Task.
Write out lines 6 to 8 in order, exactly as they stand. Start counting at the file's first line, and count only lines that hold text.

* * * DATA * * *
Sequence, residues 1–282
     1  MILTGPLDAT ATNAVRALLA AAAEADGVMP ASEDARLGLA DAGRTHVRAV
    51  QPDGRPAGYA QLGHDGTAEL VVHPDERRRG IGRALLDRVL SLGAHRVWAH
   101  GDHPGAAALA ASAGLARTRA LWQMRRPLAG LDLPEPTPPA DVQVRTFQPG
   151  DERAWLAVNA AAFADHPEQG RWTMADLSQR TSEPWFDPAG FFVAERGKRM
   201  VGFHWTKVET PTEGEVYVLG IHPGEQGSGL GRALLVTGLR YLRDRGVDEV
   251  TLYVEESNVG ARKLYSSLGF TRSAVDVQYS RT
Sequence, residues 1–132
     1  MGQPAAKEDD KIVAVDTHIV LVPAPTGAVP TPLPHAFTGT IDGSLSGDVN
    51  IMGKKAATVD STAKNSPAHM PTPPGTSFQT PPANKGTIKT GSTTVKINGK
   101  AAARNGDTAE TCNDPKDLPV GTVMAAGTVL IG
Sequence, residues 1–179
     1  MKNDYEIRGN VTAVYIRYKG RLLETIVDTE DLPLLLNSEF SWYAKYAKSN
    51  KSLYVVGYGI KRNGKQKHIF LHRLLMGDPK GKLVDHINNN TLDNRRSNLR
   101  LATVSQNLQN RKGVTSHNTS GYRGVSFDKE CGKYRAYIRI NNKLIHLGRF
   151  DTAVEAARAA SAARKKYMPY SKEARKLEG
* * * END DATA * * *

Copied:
   201  VGFHWTKVET PTEGEVYVLG IHPGEQGSGL GRALLVTGLR YLRDRGVDEV
   251  TLYVEESNVG ARKLYSSLGF TRSAVDVQYS RT
Sequence, residues 1–132